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Regional Call to Action (CTA) for Caribbean Heads of Government to enact laws to foster healthier food and lifestyle environments

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Photo Caption: Graphic on healthy diet by The Healthy Caribbean Coalition, (HCC)

By: Tito Chapman

SKN PULSE – The Healthy Caribbean Coalition (HCC) sensitisation campaign about the growing challenge of Childhood Obesity facing the Caribbean is gaining momentum in its quest to address overweight and its link to non-communicable diseases. In doing so, fostering healthier eating and good lifestyle habits are the main goals.

As part of their media blitz held on June 27th, a team consisting of Doctor Kenneth Connell, Professor Margaret Anne St. John and Carolyn Shepherd helped to give insights into what the Caribbean is faced with backed by facts and insights; as well as the objectives and actions necessary to overcome such obstacles.

President of the Heart & Stroke Foundation of Barbados, Kenneth Connell revealed that studies showed that presently one in three children is overweight or obese. This is linked to several non-communicable diseases.

Photo Caption: Childhood Obesity

He emphasized that, “Childhood obesity is linked to cancer, heart disease and other risk factors in adult years.”

Due to this development, the HCC regional Call to Action (CTA) for Caribbean Heads of Government to enact laws to foster healthier food and lifestyle environments through graphics and video content is timely.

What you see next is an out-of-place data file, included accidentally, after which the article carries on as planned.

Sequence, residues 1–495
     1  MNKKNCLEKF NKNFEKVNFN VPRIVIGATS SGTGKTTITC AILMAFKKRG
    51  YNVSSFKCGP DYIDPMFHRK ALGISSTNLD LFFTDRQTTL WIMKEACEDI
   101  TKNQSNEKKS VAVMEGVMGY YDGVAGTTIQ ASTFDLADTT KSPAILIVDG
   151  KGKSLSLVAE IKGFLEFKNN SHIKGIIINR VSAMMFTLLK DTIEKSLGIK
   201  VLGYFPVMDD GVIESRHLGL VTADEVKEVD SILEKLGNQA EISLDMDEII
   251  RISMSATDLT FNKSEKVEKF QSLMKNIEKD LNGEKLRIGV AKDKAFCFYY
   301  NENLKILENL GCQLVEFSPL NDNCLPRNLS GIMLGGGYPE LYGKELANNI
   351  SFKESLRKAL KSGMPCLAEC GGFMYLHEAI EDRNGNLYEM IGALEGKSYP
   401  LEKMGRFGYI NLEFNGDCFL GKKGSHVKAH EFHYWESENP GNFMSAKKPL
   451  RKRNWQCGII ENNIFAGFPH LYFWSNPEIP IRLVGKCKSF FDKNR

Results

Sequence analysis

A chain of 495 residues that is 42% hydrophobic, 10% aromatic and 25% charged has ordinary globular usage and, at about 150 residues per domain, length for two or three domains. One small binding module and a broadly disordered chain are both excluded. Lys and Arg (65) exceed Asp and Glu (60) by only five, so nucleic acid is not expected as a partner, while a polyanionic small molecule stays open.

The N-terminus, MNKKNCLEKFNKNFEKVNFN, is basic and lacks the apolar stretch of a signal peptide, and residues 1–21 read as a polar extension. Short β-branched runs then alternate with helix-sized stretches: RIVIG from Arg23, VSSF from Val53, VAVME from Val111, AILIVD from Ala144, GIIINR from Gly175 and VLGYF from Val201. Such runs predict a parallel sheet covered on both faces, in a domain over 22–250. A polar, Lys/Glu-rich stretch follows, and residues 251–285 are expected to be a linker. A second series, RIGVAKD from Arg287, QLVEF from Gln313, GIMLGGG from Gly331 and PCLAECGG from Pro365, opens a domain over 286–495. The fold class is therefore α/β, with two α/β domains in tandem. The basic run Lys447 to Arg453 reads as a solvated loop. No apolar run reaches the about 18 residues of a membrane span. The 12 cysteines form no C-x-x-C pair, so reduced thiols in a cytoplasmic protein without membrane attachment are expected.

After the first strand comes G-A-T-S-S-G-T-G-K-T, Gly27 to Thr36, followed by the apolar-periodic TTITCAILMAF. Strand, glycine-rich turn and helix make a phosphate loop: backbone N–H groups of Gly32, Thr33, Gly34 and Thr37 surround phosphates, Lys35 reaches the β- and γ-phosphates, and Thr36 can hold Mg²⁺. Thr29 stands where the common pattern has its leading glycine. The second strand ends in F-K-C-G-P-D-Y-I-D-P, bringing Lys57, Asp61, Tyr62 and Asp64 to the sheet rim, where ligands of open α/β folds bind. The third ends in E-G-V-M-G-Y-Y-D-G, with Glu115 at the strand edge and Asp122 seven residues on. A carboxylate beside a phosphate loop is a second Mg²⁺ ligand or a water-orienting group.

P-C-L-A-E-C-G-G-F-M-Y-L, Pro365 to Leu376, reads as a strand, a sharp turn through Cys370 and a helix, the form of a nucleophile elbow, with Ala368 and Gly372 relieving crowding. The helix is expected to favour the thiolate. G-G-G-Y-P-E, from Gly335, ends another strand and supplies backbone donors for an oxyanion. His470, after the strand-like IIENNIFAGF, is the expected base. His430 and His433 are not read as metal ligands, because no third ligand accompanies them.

According to consultant in the Department of Pediatrics at the Queen Elizabeth Hospital in Barbados, Professor Margaret Anne St. John eloborated on the point that a study has shown that the children will be more likely to be obese if their parents were overweight.

She explained that, “in the cultural approach to this condition, if one parent is overweight there is a 40 percent chance of the child being overweight. If two parents are overweight, [there is an] 80 percent chance of them being overweight.”

Alot of the factors that may contribute to obesity stems from the sale of goods, (junk food) from large companies and are resold by the private sector. Conell presented the view, that the best way to deal with junk food is to expose these large company products for they are.

Shepherd reiterated, “One strategy is to expose in clear view in their aggressive marketing of their product. Sometimes, they have the ability to disguise their products as healthy options. So, saying it is low-salt or it is the healthy or the lean version but it is just packaged that way.”

Carolyn Shepherd, the assistant vice president for marketing at SAGICOR Life, opined that the private sector should get involved in addressing child obesity. She believes, “the private sector has an important role to play in bringing about this change.”

She echoed the sentiments that “We must all work together – individuals, communities, companies, [non-governmental organisations], the private sector and our individual and collective governments across CARICOM to fight the impact of [non-communicable diseases] and the impact they are having on our lives and society, both economically and socially.”

Photo Caption: Snippet of Slide on Prevention

Childhood Obesity facing the Caribbean has been linked to non-communicable diseases and to reverse such trends prevention strategies have to be reinforced. Fruits, water, vegetables and more physical activity must become the norm.

If every island can implement an obesity plan like Jamaica, it would do the Caribbean a whole lot of good.

They have an Obesity Prevention Campaign, focused on a public education campaign and advocacy for policy change.

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